Wednesday, October 30, 2013

Happy Halloween: Trick or Tweeting

Halloween is a great holiday for creativity! There are crazy costumes, creepy stories, and lots of strange decorations to come up with.

But here at GG, we have an extra-special Halloween trump card: GHOSTS! What better time is there to recognize the art of ghostwriting?

So here's a fun, ghostly Halloween challenge:

Come up with a creative hashtag for what being a ghost(writer) means to you, and tweet it to us at @GothamGhosts by Thursday, October 31st.         

We’ll round up the wittiest, funniest, cleverest ghostly tweets in a BloGG post next week.

And have a happy and safe Halloween!

Tuesday, October 22, 2013

Guest Post: How to Get Your Speakers to Sing

by David Murray
Last month in Europe I got asked the same question I get asked in the States: How do I animate and effervesce my wooden, flat speaker?

Bring in a speaking coach, is the easy answer.

Too easy, in many cases. Coaches can polish a rough speaker, but teaching a stiff speaker to act animated is like tying ropes to the arms and legs of a corpse.

Speakers are stiff because they are scared. And they are scared because they should be scared. For they have permanently stolen an hour from the lives of many human souls, and they know full well they don’t have anything to say that is of real importance even to themselves, let alone to this innocent crowd.

Fear and public speaking have gone together since the first fourth-grade teacher forced the first fourth-grader to choose from a list of five weary topics on which to give a speech to the class. And the fourth-grader felt like a fraud because he was made to be a fraud, forced to pretend he had a genuine, studied, heartfelt, unique, and useful opinion about “How does pollution affect society?” Or was it, “Are zoos good for animals?”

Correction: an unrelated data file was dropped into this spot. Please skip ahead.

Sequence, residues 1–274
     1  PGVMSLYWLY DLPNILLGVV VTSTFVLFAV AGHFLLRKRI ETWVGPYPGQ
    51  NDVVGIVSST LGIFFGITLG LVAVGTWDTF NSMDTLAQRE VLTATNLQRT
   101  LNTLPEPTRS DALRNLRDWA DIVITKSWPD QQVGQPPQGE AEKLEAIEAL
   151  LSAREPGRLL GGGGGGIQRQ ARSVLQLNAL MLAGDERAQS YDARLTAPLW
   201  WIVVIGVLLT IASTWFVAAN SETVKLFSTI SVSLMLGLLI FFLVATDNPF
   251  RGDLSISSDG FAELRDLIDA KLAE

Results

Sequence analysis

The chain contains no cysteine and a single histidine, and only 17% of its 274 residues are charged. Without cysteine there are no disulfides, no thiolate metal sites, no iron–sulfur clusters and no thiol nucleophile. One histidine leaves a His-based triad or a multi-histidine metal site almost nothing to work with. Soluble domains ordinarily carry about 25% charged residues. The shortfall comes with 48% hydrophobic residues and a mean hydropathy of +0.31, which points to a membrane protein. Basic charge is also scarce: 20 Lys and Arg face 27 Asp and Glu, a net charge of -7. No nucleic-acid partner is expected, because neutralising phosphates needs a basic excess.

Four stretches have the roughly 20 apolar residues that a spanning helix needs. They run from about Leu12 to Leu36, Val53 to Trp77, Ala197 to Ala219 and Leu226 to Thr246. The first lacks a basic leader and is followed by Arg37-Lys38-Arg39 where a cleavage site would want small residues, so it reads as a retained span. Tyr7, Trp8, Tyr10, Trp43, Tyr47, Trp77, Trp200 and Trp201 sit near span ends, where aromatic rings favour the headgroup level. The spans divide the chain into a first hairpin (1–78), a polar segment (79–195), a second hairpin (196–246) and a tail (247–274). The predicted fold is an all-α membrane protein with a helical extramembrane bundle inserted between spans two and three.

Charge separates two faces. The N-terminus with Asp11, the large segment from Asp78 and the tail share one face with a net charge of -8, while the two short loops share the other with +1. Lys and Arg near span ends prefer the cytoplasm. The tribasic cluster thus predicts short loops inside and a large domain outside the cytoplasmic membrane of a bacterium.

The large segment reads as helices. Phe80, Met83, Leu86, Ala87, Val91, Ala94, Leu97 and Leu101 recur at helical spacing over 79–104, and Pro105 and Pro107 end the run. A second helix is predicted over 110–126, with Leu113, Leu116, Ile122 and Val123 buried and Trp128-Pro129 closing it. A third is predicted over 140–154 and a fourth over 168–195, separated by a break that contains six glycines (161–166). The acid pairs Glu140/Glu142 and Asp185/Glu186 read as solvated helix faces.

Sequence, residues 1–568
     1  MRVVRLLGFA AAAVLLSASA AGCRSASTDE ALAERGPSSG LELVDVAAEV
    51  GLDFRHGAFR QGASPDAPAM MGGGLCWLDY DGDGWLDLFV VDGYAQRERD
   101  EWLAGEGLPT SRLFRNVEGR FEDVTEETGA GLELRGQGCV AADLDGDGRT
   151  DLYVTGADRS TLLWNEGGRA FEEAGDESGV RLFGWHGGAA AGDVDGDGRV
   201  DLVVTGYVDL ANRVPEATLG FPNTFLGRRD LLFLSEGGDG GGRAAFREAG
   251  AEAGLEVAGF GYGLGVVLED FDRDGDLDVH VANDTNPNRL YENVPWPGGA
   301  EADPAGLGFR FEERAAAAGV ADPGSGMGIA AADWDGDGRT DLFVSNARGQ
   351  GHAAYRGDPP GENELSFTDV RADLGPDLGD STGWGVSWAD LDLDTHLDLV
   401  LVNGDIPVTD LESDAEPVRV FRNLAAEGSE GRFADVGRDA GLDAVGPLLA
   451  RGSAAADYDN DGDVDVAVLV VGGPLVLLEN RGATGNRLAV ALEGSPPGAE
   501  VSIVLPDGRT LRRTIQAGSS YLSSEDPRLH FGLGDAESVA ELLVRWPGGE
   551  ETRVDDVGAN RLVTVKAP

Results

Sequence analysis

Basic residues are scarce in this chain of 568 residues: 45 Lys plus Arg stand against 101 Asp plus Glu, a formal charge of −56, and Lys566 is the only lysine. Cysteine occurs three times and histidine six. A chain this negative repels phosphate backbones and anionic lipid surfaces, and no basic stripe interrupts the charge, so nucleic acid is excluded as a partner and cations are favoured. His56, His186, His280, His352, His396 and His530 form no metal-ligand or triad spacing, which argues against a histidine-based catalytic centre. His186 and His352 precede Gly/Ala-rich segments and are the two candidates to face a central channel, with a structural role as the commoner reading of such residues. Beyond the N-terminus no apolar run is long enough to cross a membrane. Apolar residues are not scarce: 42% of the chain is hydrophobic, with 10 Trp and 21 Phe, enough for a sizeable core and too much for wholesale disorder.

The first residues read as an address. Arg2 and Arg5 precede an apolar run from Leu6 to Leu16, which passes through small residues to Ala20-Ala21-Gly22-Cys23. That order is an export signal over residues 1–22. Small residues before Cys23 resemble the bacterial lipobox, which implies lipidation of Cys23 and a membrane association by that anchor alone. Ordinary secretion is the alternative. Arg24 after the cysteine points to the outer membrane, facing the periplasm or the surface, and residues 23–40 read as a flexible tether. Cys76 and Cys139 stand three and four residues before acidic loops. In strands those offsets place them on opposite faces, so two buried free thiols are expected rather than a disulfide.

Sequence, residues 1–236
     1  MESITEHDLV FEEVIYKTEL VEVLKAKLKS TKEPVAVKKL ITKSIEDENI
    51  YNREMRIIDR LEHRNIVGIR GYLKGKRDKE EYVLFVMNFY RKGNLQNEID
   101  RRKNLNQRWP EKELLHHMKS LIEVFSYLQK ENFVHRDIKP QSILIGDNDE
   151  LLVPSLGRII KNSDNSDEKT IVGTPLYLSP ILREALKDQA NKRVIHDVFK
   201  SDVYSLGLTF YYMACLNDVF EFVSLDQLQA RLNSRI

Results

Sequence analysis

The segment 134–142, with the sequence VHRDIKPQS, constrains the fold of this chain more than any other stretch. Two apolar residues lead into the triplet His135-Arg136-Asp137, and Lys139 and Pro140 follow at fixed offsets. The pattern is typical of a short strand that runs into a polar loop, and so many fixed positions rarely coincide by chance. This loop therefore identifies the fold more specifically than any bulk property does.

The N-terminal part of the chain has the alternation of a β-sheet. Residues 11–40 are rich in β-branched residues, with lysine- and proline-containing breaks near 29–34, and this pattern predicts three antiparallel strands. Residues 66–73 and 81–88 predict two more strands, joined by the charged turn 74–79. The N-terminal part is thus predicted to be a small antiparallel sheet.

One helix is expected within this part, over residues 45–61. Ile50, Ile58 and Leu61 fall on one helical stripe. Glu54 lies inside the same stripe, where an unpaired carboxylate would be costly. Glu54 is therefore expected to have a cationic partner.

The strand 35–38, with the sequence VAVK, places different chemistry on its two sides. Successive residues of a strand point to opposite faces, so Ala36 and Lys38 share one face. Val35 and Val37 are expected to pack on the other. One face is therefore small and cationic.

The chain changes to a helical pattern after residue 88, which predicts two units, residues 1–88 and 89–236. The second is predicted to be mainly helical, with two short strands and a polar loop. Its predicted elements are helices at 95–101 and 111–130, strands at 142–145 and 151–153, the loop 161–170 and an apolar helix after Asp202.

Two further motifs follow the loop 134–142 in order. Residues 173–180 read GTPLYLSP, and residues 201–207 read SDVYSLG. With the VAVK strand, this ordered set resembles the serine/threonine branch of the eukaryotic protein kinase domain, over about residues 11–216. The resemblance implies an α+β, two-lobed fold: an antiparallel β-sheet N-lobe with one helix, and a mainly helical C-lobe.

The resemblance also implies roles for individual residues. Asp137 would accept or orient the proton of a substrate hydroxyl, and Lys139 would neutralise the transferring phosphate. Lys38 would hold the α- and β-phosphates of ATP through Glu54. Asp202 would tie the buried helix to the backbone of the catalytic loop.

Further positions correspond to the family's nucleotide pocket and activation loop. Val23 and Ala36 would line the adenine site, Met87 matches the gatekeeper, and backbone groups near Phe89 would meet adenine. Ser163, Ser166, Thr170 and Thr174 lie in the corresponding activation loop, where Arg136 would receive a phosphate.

And so the fourth-grader stood, shame-faced but brave, in front of classmates with whom he or she had exchanged fart jokes that very morning and pretended to be an authority on the benefits and drawbacks of cloning (while the classmates, with mixed success, pretended to care). And said the expected things for the required amount of time and sat down and hoped that the next such assignment would be proceeded by death.

And that’s pretty much exactly how public speaking went down for the fourth-grader, as he or she passed through junior high, high school, and college, where the phony passion was applied to mouthing rote arguments for or against euthanasia, raising the drinking age, and the legalization of drugs, exactly in that order.

Then a merciful decade or two passed—during the fourth-grader’s early work life, when most of the speeches were being given by the elders—and the fourth-grader’s oratorical participation consisted mostly of pretending to be interested in other speakers who were pretending to be interesting.

But then one day the fourth-grader became a manager. And soon an executive. And then a senior executive. And finally the call came: Would the fourth-grader honor a faceless audience by appearing at a random leadership forum and delivering a speech on an unspecified topic? 

That’s when the fourth-grader became your client. And you wonder why your client is elusive and would appear to prefer to focus on any aspect of her work rather than the speech that’s coming up. Don’t be surprised! Your client is a fourth-grader! And do you know who you are? In the fourth-grader’s mind, you are the teacher who is trying to get the fourth-grader to choose one of the five weary topics that you have suggested!